My answer has been to rely heavily on those suggestive special cases. The process works like this: start with an informal verbal story, often one drawn from casual empiricism or from non-mainstream economic literature. Then try to build the simplest possible model that will illustrate that story. In the course of the model-building the story tends to change along with your intuition, but at the end of the process you have a simple model that is a very special case, but that makes a lot of intuitive sense and effectively gives you a language to discuss things that previously were off limits. The intuition can then also serve as the basis for empirical work, although to be honest I have never been a very persistent econometrician.
How do you find special cases that work, that allow you to go where no modeler has gone before? Any way you can. At various times I have assumed particular functional forms; symmetry; two states of nature where you might expect to find a continuum, or a continuum of goods where the traditional models have two; and in some cases relied on numerical examples where pencil and paper fail. It's a sort of blitzkrieg approach to theory: instead of trying to advance on a broad front, one tries to get as far as possible along a narrow corridor of advance, taking advantage of any weak points you can find.
This style is not, of course, original. For classic examples, consider some of the early work on growth and technical change, say Arrow's model of learning by doing or Solow's vintage capital model. In those papers all of the elements of the style are there: an intuitive story based on casual empiricism, embodied in a model that relies crucially on special functional forms to be tractable, yet which seems to offer important further insights. What I did was to apply the method repeatedly in the service of a cause I believed in, that of making economic theory safe for increasing returns.
The style works for other things as well, however. The policy-inspired models I did in the late 1980s -- on sovereign debt, target zones, trading blocs, exchange rates -- followed the same approach. In these papers policy relevance and analytical elegance seemed to me, and to a fair number of other people, to be surprisingly natural allies: it turns out that a crisp, minimalist model may be just what is needed to clear out some of the nonsense in a policy discussion and get down to the real issues.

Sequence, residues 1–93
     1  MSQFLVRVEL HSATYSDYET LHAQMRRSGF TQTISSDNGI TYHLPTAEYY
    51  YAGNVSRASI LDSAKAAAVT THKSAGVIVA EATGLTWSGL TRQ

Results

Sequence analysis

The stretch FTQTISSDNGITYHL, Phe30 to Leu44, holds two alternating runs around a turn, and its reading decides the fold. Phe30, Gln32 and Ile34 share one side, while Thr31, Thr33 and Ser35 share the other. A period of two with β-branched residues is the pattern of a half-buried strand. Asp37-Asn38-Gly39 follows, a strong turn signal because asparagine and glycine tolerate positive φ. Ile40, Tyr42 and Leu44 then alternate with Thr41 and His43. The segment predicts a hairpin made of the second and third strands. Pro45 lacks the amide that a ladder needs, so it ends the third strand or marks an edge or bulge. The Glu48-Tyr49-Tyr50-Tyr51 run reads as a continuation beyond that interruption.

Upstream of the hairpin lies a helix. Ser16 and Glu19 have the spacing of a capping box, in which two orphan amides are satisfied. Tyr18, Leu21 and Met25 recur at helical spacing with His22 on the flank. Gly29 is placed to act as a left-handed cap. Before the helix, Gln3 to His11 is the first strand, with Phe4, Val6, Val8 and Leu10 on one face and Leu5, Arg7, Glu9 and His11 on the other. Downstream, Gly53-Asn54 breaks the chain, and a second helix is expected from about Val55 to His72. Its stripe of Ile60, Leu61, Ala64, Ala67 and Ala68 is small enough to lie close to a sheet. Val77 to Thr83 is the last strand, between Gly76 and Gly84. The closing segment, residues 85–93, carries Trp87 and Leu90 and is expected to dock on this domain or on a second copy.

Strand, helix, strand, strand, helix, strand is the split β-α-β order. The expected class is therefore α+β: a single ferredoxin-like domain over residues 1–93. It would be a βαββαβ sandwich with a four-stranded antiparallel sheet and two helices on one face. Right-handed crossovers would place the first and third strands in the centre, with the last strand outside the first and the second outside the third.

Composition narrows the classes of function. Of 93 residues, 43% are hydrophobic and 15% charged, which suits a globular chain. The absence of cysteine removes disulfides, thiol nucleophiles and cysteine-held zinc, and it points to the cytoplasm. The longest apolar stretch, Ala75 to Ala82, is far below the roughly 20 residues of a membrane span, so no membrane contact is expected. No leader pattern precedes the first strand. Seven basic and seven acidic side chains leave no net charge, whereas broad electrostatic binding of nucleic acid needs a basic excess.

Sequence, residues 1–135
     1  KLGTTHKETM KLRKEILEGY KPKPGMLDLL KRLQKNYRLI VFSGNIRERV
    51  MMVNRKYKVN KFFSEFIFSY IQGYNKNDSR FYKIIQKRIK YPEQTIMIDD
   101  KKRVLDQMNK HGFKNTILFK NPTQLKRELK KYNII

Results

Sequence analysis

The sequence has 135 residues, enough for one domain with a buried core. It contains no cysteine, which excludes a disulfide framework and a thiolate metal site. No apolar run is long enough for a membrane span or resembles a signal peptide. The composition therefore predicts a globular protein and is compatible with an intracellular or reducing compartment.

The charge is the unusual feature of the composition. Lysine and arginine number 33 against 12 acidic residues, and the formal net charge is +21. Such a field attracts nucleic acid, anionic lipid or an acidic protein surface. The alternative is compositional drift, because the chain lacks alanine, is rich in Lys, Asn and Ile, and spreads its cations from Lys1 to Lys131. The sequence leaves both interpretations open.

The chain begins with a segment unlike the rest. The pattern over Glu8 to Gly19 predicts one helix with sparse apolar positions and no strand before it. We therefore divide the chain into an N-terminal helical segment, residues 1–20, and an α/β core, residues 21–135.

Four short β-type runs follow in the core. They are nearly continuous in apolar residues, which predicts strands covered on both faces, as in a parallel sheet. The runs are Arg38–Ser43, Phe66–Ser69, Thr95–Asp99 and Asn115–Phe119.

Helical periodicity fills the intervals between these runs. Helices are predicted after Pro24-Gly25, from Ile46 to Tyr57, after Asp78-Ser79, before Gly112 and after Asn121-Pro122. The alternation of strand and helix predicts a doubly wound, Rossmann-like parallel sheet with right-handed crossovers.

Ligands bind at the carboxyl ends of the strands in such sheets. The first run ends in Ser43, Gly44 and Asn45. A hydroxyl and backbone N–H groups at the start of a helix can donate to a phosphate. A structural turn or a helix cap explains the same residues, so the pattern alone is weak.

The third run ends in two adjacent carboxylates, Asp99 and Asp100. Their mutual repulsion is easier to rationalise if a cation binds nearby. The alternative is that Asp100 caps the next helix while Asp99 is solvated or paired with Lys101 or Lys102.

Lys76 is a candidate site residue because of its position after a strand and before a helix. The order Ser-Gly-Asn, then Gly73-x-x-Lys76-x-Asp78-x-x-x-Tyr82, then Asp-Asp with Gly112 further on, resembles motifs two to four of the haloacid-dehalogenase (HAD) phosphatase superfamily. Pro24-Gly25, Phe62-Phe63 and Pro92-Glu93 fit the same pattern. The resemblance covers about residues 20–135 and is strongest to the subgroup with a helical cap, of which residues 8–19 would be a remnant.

One might also speculate that my relative success at writing economics in plain English has something to do with modeling style. After all, once you have accepted that models are metaphors rather than ultimate truth, and have schooled yourself to make the metaphors as simple as possible, it may be easier to find non-mathematical metaphors as well. Or to put it a different way: once you have stripped an idea down to its essence, it is often surprisingly possible to express that essence without any visible display of technique. In summary, then, whatever contribution I may have made to economics has involved both substance -- the integration of increasing returns into economics -- and style -- radical simplification as a modeling strategy. The style is essential to the substance but also has a life of its own, and has allowed me to make productive raids into a number of areas other than increasing returns.
9. The point of it all
Perhaps in the end the question one should ask of any scholar is what purpose he feels his work serves. I could claim great nobility of character and tell you that I work for the good of humanity. Or I could try to shock you and tell you that all I care about are the financial and professional rewards. Neither would be entirely false. I am, indeed, a bit of a romantic who believes, rather in the face of the evidence, that good ideas eventually prevail and make everyone's life better. I am also not an ascetic: I will not sneer at a nice honorarium or a free trip to a pleasant location.
But the honest truth is that what drives me as an economist is that economics is fun. I think I understand why so many people think that economics is a boring subject, but they are wrong. On the contrary, there is hardly anything I know that is as exciting as finding that the great events that move history, the forces that determine the destiny of empires and the fate of kings, can sometimes be explained, predicted, or even controlled by a few symbols on a printed page. We all want power, we all want success, but the ultimate reward is the simple joy of understanding.